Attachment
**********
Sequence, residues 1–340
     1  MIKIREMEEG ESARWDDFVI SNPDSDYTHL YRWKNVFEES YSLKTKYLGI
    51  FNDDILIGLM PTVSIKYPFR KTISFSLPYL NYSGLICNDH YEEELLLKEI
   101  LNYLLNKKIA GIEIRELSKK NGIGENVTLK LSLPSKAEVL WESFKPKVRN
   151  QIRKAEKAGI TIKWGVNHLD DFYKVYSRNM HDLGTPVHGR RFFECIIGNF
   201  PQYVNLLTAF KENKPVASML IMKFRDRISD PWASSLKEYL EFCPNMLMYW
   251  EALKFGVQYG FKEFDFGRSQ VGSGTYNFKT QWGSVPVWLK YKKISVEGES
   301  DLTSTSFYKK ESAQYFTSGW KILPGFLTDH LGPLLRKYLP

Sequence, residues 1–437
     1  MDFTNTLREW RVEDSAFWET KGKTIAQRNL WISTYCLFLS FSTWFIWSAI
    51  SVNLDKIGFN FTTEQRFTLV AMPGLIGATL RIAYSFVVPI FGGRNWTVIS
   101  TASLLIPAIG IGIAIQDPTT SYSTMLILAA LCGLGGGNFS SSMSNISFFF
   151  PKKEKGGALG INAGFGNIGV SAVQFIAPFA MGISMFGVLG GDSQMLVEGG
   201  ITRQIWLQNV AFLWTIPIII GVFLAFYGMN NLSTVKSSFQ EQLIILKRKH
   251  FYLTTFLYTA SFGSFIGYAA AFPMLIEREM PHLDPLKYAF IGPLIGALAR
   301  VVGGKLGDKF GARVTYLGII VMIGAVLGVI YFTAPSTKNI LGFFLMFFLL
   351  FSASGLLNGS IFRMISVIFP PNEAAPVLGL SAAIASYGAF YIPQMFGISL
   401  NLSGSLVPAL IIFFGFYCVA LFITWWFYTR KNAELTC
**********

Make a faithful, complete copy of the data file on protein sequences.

Sequence, residues 1–340
     1  MIKIREMEEG ESARWDDFVI SNPDSDYTHL YRWKNVFEES YSLKTKYLGI
    51  FNDDILIGLM PTVSIKYPFR KTISFSLPYL NYSGLICNDH YEEELLLKEI
   101  LNYLLNKKIA GIEIRELSKK NGIGENVTLK LSLPSKAEVL WESFKPKVRN
   151  QIRKAEKAGI TIKWGVNHLD DFYKVYSRNM HDLGTPVHGR RFFECIIGNF
   201  PQYVNLLTAF KENKPVASML IMKFRDRISD PWASSLKEYL EFCPNMLMYW
   251  EALKFGVQYG FKEFDFGRSQ VGSGTYNFKT QWGSVPVWLK YKKISVEGES
   301  DLTSTSFYKK ESAQYFTSGW KILPGFLTDH LGPLLRKYLP

Sequence, residues 1–437
     1  MDFTNTLREW RVEDSAFWET KGKTIAQRNL WISTYCLFLS FSTWFIWSAI
    51  SVNLDKIGFN FTTEQRFTLV AMPGLIGATL RIAYSFVVPI FGGRNWTVIS
   101  TASLLIPAIG IGIAIQDPTT SYSTMLILAA LCGLGGGNFS SSMSNISFFF
   151  PKKEKGGALG INAGFGNIGV SAVQFIAPFA MGISMFGVLG GDSQMLVEGG
   201  ITRQIWLQNV AFLWTIPIII GVFLAFYGMN NLSTVKSSFQ EQLIILKRKH
   251  FYLTTFLYTA SFGSFIGYAA AFPMLIEREM PHLDPLKYAF IGPLIGALAR
   301  VVGGKLGDKF GARVTYLGII VMIGAVLGVI YFTAPSTKNI LGFFLMFFLL
   351  FSASGLLNGS IFRMISVIFP PNEAAPVLGL SAAIASYGAF YIPQMFGISL
   401  NLSGSLVPAL IIFFGFYCVA LFITWWFYTR KNAELTC